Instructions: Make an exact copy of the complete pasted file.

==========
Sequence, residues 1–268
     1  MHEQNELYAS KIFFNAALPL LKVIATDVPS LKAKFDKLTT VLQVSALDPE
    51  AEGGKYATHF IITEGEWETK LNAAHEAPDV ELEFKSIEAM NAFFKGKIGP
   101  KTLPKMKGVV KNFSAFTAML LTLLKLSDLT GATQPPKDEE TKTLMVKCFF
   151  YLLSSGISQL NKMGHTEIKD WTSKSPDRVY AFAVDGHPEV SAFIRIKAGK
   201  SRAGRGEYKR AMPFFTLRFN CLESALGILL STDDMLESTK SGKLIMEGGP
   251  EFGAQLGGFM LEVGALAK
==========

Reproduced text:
Sequence, residues 1–268
     1  MHEQNELYAS KIFFNAALPL LKVIATDVPS LKAKFDKLTT VLQVSALDPE
    51  AEGGKYATHF IITEGEWETK LNAAHEAPDV ELEFKSIEAM NAFFKGKIGP
   101  KTLPKMKGVV KNFSAFTAML LTLLKLSDLT GATQPPKDEE TKTLMVKCFF
   151  YLLSSGISQL NKMGHTEIKD WTSKSPDRVY AFAVDGHPEV SAFIRIKAGK
   201  SRAGRGEYKR AMPFFTLRFN CLESALGILL STDDMLESTK SGKLIMEGGP
   251  EFGAQLGGFM LEVGALAK